As a woman who has spent a considerable amount of time reflecting on the dynamics of gender equality and women's rights and as the co-founder of Streetwise Defence, I've come to a profound realisation: self-defence isn't just about learning to defend yourself physically; it's about fighting for empowerment, safety, and the very essence of feminism. While it's clear that we need societal change to truly achieve gender equality, the importance of women feeling empowered and safe through self-defence cannot be understated. In this article, I aim to explore why I firmly believe that women learning self-defence is a feminist issue.
Sadly, statistics and anecdotal evidence show that violence against women is still a major issue. While an element of this violence is ‘stranger danger’ (approx. 10%), most violent and sexual assaults on women (around 90%) are carried out by male acquaintances and partners. In a society that claims to be progressing towards gender equality, this subject needs attention. Women shouldn’t have to live in fear. This fear robs us of our freedom and our right to navigate the world without constant apprehension.
Self-defence shouldn’t just be about physical techniques – it should be about the defence of the body and the mind. It’s about understanding that all individuals are worthy of and worth protecting – emotionally and physically. This is something that women should explore carefully with their self-defence instructor, as unfortunately many martial arts teachers simply focus on the physical and teach their version of martial arts or kicking and punching – which is wholly ineffective and unsuitable for women in a real-life violent assault. What’s more, it doesn’t even consider the 90% of violence that women experience from people known to them – self-defence in this scenario is about boundary setting, awareness and avoidance, self-esteem and support.
When we teach self-defence, it's about equipping women with the skills, knowledge and mindset to feel confident and secure in their bodies. Women gain a sense of agency and empowerment that carries over into all aspects of life, from negotiating better pay to asserting themselves in personal relationships.
Moreover, self-defence training can serve as a catalyst for women to become more involved in feminist movements. When women feel empowered and secure, they are more likely to speak up against injustices, demand equal rights, and support other women in their quest for gender equality. By learning self-defence, women are not just preparing to defend themselves physically; they are preparing to defend their rights and the rights of all women.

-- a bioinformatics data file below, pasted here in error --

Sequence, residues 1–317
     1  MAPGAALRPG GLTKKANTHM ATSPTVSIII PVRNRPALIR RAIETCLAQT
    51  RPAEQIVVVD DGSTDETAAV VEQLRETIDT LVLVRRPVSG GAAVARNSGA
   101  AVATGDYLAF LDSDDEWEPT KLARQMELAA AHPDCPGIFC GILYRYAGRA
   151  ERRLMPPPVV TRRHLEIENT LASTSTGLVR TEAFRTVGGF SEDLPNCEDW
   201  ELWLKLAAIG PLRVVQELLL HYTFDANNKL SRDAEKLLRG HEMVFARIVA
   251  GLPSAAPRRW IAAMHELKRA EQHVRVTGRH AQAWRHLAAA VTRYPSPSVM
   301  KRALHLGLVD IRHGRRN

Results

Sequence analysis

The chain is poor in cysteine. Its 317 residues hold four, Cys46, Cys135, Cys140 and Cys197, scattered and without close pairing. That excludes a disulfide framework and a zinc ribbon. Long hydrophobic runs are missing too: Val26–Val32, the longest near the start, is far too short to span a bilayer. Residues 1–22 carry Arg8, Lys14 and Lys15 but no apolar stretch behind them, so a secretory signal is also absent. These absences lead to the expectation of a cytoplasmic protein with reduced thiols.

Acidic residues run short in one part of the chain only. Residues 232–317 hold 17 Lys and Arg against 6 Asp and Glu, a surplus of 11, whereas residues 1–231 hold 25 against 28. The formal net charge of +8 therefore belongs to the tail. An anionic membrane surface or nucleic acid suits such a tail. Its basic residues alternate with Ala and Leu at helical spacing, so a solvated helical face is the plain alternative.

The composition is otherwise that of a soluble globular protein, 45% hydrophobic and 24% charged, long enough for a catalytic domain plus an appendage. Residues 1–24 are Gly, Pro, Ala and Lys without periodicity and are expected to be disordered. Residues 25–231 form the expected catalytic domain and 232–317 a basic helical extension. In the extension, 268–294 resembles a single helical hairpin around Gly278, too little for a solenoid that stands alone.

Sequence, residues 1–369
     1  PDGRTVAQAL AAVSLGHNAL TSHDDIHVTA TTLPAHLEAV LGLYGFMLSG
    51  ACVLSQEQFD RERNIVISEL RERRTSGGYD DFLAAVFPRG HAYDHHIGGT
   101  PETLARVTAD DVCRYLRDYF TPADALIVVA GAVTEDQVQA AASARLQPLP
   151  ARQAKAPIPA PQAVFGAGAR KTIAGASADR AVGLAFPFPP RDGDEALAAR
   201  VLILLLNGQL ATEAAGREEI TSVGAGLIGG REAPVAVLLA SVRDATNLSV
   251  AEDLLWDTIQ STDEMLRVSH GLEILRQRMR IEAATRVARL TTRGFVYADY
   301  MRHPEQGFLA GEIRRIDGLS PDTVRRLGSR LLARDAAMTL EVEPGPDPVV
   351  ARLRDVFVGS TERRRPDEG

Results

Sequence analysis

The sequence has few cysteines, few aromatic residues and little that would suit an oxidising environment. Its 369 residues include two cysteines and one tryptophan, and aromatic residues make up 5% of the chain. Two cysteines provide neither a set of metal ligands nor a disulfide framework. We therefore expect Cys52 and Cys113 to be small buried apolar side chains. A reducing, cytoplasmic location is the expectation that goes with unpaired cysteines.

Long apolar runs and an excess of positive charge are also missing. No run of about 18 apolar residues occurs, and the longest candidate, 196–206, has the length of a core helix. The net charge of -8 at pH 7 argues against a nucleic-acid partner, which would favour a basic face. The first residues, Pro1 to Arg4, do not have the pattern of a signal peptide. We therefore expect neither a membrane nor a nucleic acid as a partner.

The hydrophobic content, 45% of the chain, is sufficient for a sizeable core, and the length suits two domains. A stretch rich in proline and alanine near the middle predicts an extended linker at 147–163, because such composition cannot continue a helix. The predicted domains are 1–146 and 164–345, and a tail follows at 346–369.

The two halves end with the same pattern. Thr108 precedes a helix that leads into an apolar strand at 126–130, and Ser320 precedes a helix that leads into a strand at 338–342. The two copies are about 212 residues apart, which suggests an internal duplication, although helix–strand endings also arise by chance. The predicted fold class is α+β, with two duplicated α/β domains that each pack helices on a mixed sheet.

In a world where gender-based violence and harassment remain pervasive issues, self-defence is an essential skill that can help women reclaim their sense of security. It is not about placing the onus of responsibility solely on women to protect themselves, but rather about giving them the tools to resist, to stand up against oppression, and to challenge societal norms that perpetuate violence against women. It is a way for women to say, "Enough is enough; we deserve better."
Self-defence also sends a powerful message to potential perpetrators. It conveys that women are not passive victims but strong individuals capable of defending themselves. This shift in perception can deter potential offenders and challenge the culture of impunity that often surrounds gender-based violence.
However, it's important to emphasise that self-defence is not a substitute for broader societal change. We need a change in culture and support for boys and men to enable a change in behaviour, and we need institutions and systems to change their practices to create a safer world for everyone. But while we strive for these changes, women should not be left defenceless.
In conclusion, I firmly believe that women learning self-defence is a feminist issue because it is about reclaiming power and agency, about feeling safe in a world that can often be threatening. It's a step towards a world where women are free to live their lives without the constant spectre of fear. Self-defence is not a solution to all the challenges women face, but it is a crucial tool in the fight for gender equality. When women feel empowered and safe, they can be powerful agents of change, working hand in hand with men and society to create a better world for all.
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